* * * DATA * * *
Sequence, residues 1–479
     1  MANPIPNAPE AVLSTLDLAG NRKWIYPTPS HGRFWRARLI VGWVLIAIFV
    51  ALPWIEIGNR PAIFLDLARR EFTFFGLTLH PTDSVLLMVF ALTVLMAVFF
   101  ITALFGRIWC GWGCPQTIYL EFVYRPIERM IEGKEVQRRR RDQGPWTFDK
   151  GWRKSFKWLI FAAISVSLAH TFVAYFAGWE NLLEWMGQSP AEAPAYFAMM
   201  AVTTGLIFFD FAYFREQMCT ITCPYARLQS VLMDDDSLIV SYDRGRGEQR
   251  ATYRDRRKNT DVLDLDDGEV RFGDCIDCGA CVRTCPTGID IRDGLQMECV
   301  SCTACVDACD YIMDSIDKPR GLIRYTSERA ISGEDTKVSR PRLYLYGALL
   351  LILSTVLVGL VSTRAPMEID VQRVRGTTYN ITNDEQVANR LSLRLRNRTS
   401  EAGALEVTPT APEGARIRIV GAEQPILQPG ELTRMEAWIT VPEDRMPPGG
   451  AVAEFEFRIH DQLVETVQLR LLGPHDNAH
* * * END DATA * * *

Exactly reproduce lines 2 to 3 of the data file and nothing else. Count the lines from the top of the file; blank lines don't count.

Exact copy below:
     1  MANPIPNAPE AVLSTLDLAG NRKWIYPTPS HGRFWRARLI VGWVLIAIFV
    51  ALPWIEIGNR PAIFLDLARR EFTFFGLTLH PTDSVLLMVF ALTVLMAVFF